Maximizing Time with the Teenagers in our Lives
During our morning commute, I asked my youngest son Cooper, “how do you know I love you?” He mumbled the typical responses kids say, “you provide for me, you give me shelter and food, you have high expectations…etc.” I proceeded, even if we didn’t have a home to live in, nor enough food, how would you know that I love you?” He said, “because you are always there for me.” His response totally melted my heart. In the bigger scheme of things, its being emotionally available for our children that matters. Are you present? Not physically present, but emotionally tuned in to their needs?
We’ve been taught from a very euro-centric perspective about adolescent development. Yes, teenagers desire more independence as they transition into adulthood. The march toward autonomy can manifest differently: less overt affection, more time spent with friends, contentious behavior, pushing the limits—the list goes on and on. This simply means, we adjust our parenting style. We don’t stop asking and knowing what’s going on and give them all the space in the world because they desire so much more privacy. C’mon now! Does that even make sense?
I’ve seen a pattern where parents are super involved in their children’s education and school activities during the elementary years, but slowly this involvement dwindles as they approach middle and high school. If you don’t believe me, compare parent participation groups from elementary to high school. This is probably because we bought into the idea, to respect their autonomy and independence. Our teens need us even more so.
I remember a college admission counselor was frustrated with me because I was present with my daughter. I’m glad I was there because she lacked the ability to understand her needs when developing a student education plan. What’s wrong with parents helping their young adults navigate the educational system? There is a difference between guiding and supporting & controlling and overbearing. Let’s not get it confused. That old saying, “the helicopter parent, ” doesn’t apply to our children.
Our teens need our guidance even more so because of the times we live in. Its important to continue to advocate on their behalf, teach them to advocate for themselves, be available, know when to step back, when to say less, and allow them take risks. Its a different time people. Kids nowadays, especially children of color get suspended for rough housing. Yes, Cooper was suspended for playing. I have the email from the assistant principal. Yep, the school to prison pipeline and charter schools are the worst offenders. Zero tolerance policies are intentionally designed to keep children out of the classroom, so they do not learn. Our kids are not allowed to test limits , to see how far they can go, they immediately get suspended. Some are training robots, not cultivating thinkers.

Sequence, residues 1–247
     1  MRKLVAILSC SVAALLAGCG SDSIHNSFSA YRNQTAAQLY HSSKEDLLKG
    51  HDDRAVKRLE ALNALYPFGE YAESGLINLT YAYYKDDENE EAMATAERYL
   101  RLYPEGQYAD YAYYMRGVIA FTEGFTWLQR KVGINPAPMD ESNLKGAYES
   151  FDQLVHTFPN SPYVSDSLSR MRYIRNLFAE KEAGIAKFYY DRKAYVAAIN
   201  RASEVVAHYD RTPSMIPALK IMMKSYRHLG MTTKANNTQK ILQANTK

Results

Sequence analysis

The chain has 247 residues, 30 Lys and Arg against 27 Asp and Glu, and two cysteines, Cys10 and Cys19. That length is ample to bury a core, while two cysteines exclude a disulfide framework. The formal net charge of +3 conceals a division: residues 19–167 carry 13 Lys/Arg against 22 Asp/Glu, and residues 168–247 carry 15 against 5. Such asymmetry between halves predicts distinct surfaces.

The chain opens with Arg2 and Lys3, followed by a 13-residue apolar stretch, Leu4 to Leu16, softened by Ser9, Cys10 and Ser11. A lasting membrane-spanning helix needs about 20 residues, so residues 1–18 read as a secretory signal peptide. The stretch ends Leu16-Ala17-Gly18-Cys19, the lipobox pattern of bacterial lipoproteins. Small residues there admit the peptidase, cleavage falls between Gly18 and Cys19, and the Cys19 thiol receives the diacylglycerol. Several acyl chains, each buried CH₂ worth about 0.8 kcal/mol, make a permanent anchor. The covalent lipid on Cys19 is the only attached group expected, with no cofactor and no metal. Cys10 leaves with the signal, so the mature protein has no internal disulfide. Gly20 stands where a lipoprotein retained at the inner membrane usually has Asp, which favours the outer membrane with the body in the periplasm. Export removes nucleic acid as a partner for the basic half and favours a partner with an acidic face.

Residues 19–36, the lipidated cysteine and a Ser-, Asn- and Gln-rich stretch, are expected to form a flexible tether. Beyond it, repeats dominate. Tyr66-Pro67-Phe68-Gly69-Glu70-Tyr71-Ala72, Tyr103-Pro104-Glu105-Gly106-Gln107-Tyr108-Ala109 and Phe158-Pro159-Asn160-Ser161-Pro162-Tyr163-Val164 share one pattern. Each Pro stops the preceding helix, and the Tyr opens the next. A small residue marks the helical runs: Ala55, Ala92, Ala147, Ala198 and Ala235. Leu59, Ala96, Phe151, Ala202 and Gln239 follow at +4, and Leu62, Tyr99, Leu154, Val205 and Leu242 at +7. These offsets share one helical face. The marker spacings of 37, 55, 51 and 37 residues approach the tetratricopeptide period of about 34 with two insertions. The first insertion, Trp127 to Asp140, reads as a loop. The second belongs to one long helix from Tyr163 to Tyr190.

Pouring words of Affirmation into our Sons
Cooper has an amazing calling on his life. He is a son of the Living King! I get excited writing about it! Lately, I’ve found myself, reminding him of his WORTH and VALUE. I tell him, the world needs your contribution. The Lord told me to speak the WORD and pour into him so he believes what God says, who he is. There are too many messages on media, in school, and in this world that tell our precious sons, their lives don’t matter. They read about it. They see it. They feel it. Pour into your children. I cannot stress this enough. The tongue has the power of life and death. Being hard on them doesn’t work, the world is already hard on them.
Cooper shared with me about two years ago, he wants to be a judge. I’ve been thinking a lot about his aspirations and I’m praying this will come to fruition. Cognitively, younger teens’ inability to consider the long-term consequences of their actions is real. Some may act without thinking first because of their inability to do so. There is science to back up this concept. When I think about his behavior objectively, its simply foolishness. None of his offenses are with malice or hate. His behavior is normal, not atypical. It’s racism that keeps kids out of college and careers, not their grit or resiliency. Its not that something is wrong with our kids, but its all about what’s wrong with the system.
Lately, I’m finding my heart is in a place of worship. I’ve been lead to simply worship. Worship with my mouth, my behavior, my body, and my food choices. Worship Him for his goodness, faithfulness, mercy. When we worship, God moves. He is the creator of Heaven and Earth. He holds his handout and feeds all living things. He’s our provider and nurtures each of us. Try simply worshipping him for his greatness and just rest in the Lord.
“I will feed My flock and I will lead them to rest,” declares the Lord GOD. Ezk 34:15.